Why is Iago still alive at the end of Othello by Shakespeare?

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mimerajver eNotes educator | Certified Educator

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We may view Iago as the puppeteer that has been pulling the strings of the ill-fated characters in Othello. From this point of view, it would not be meet to kill him before the puppet show has come to an end. Moreover, it would be totally alien to Iago's nature to take his own life, as it would be inconsistent with the civilized Venetian society, at this point represented by Gratiano, to have him killed without due process. 

While the play does not provide a rough-and-ready answer to your question, it does allow for speculation. In a perfect world, Iago's death would prove that such villainy as his is measured and punished in accordance with his own standards. In other words, he would have a taste of his own medicine. 

However, the world that Shakespeare depicts in this play is far from perfect. Chaos penetrates the developed European organization (Venice) as well as the feelings and actions of insiders and outsiders. Iago stands for many passions, but is also an instrument of chaos. That he is alive at the end of the play may well mean that the balance between crime and punishment should not be expected as a matter of course. No one knows exactly how Iago contrived his crimes except him, and as he "sentences himself to eternal silence" (Henry L. Warnken, "Iago As a Projection of Othello"), it will be difficult if not impossible to sentence him to death.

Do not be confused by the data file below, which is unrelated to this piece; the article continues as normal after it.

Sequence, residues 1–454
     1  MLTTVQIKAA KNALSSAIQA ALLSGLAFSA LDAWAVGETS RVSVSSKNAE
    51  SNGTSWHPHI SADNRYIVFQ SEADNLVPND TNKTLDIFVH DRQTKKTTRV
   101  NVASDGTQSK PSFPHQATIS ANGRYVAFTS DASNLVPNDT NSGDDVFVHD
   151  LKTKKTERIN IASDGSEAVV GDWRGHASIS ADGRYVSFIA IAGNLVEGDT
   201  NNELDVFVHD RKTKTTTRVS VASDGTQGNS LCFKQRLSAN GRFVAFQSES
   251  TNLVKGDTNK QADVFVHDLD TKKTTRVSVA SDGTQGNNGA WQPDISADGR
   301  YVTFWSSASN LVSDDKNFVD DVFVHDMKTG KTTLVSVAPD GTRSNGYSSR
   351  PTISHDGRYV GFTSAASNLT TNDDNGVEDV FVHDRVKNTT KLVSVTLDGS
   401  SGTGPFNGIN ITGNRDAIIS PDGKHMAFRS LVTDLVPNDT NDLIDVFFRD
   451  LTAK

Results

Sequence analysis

Thus we could surmise that Shakespeare's message in this respect is that justice is not always served. 

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Alec Cranford eNotes educator | Certified Educator

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It certainly would have tied things up more neatly if Iago had indeed met his demise at the end of Othello. Some measure of justice is achieved, as Iago is arrested and Lodovico says to "enforce" the "censure of this hellish villain," including "torture." It is difficult to know why Shakespeare left Iago alive. By making it clear that he will be tortured, he may have meant for the audience to perceive that Iago's fate would be worse than death. When Iago says to "Demand me nothing...From this time forth I never will speak word," Gratiano replys forebodingly that "Torments will ope your lips." Or he may have meant to further problematize the notion of justice after the death of the virtuous Desdemona.  

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